4

I have a problem when using a variable to reference a module, it seems to mess up the passing of the variables:

TOTO.pm

package TOTO;

use Data::Dumper;

sub print {
       print Dumper(@_);
}

Perl program

package main;

TOTO::print('Hello World');
print ">>>>>>>>>>>\n";
my $package = 'TOTO';

$package->print('Hello World');

And the output is:

$VAR1 = 'Hello World';
>>>>>>>>>>>
$VAR1 = 'TOTO';
$VAR2 = 'Hello World';

Any advice on how to avoid having TOTO passed as the first variable?

  • 1
    I posted a comment which clearly came across as "curt." I didn't mean to make it unpleasant, just meant to ask for clarification of something I didn't understand. I apologize. Here is the question I had. What do you want to accomplish with a package name in a variable and then with using the arrow operator on it? This is usually done with objects. Knowing the purpose helps me in putting together a more suitable answer. – zdim May 28 '16 at 20:14
  • \&{ $package . '::print' }->() – ikegami May 28 '16 at 22:03
  • No offense taken, I am German. We are curt by default. I have module which evaluates at the beginning if it is possible to load an XS module, else another one (fallback): ` package Adaptor; our $reference; eval{require(xs::module)} if($@){$reference = "nonxs::module"} else{$reference = "xs::module"} $reference->method_call(); ` Several method names in the xs module are the same as in the Adaptor.pm, so when I export, they are overwritten. Hence the idea was to store the reference to the object in a variable. I will now rename the methods in the xs module and export. Thanks you! – juettemann May 29 '16 at 8:36
  • @juettemann That's a relief! Thank you for the response. I'd always recommend cleaning up conflicts first. if possible. Thanks for explaining it, I see now what you meant with it. – zdim May 30 '16 at 9:26
2

Short: The observed behavior comes from use of -> on a package name.

The arrow operator is used with a reference or with an object, which itself is a reference to a data structure that has been bless-ed into its class. (Or with a class name, see below.) That object or the class name is quietly passed as the first argument so that the whole system would work. Note that the package in the question does not define a class (objects cannot be created with it).

From Arrow operator in perlop

"-> " is an infix dereference operator, just as it is in C and C++. If the right side is either a [...] , {...} , or a (...) subscript, then the left side must be either a hard or symbolic reference to an array, a hash, or a subroutine respectively. (Or technically speaking, a location capable of holding a hard reference, if it's an array or hash reference being used for assignment.) See perlreftut and perlref.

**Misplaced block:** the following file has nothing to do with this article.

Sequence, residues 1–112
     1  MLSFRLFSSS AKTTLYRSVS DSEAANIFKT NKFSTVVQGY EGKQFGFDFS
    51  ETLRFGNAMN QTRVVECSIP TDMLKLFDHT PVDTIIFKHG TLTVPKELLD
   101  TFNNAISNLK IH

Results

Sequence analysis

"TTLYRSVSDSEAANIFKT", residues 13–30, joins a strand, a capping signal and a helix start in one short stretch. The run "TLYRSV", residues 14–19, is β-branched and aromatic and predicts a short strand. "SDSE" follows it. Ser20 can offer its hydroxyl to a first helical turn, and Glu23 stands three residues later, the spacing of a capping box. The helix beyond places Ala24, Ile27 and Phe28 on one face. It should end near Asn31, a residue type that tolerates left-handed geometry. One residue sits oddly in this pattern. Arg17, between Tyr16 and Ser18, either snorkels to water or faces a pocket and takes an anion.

It continues, to statements of direct interest in this problem

Otherwise, the right side is a method name or a simple scalar variable containing either the method name or a subroutine reference, and the left side must be either an object (a blessed reference) or a class name (that is, a package name). See perlobj.

So in uses related to classes the left-hand side may contain the class name, and class methods can then be invoked on it (or it can be just queried). Given that a class is a package then this is a package name.

The situation in the question falls within this so the package name is passed to the subroutine. However, according to the above quote it seems that the sub can only be a method, which isn't the case here. So it may be that this use of -> should really be disallowed. Either way, using it on a package which isn't a class strikes me as mistaken.


Update to clarification. This use was intended, to resolve an ambiguity in which package was loaded. The package name is saved into a variable and then the sub invoked on it, using the arrow operator. In this case code would have to be added to the sub to handle the first argument (package name) which is passed regardless of the invocation, by the courtesy of the arrow operator. But then we would have to allow a case when this is invoked on an object, ending up with a code that covers two distinct uses. I believe that it is better to change to a design that does not involve all this.


If you want to use a package, say as a library

File TOTO.pm

pacakge TOTO;

use Exporter;
our (@ISA, @EXPORT_OK);
@ISA = ('Exporter');
@EXPORT_OK = qw(prn);   # This can be asked for by user of package

use Data::Dumper;

sub prn {
       print Dumper(@_);
}

1;  # important for 'require' when this is used

I've changed the sub name to prn so that it's not a Perl library function. The main script

use warnings;
use strict;

use TOTO qw(prn);

prn("Hello World");

The fully qualified name TOTO::prn() can always be used. If you wanted to make this a class that would require a bit more in the package.

This package, TOTO, does not export anything by default, unless asked for. That's what @EXPORT_OK sets up and that's why we need to list functions to import into main:: when use TOTO. Start, for example, with perlmod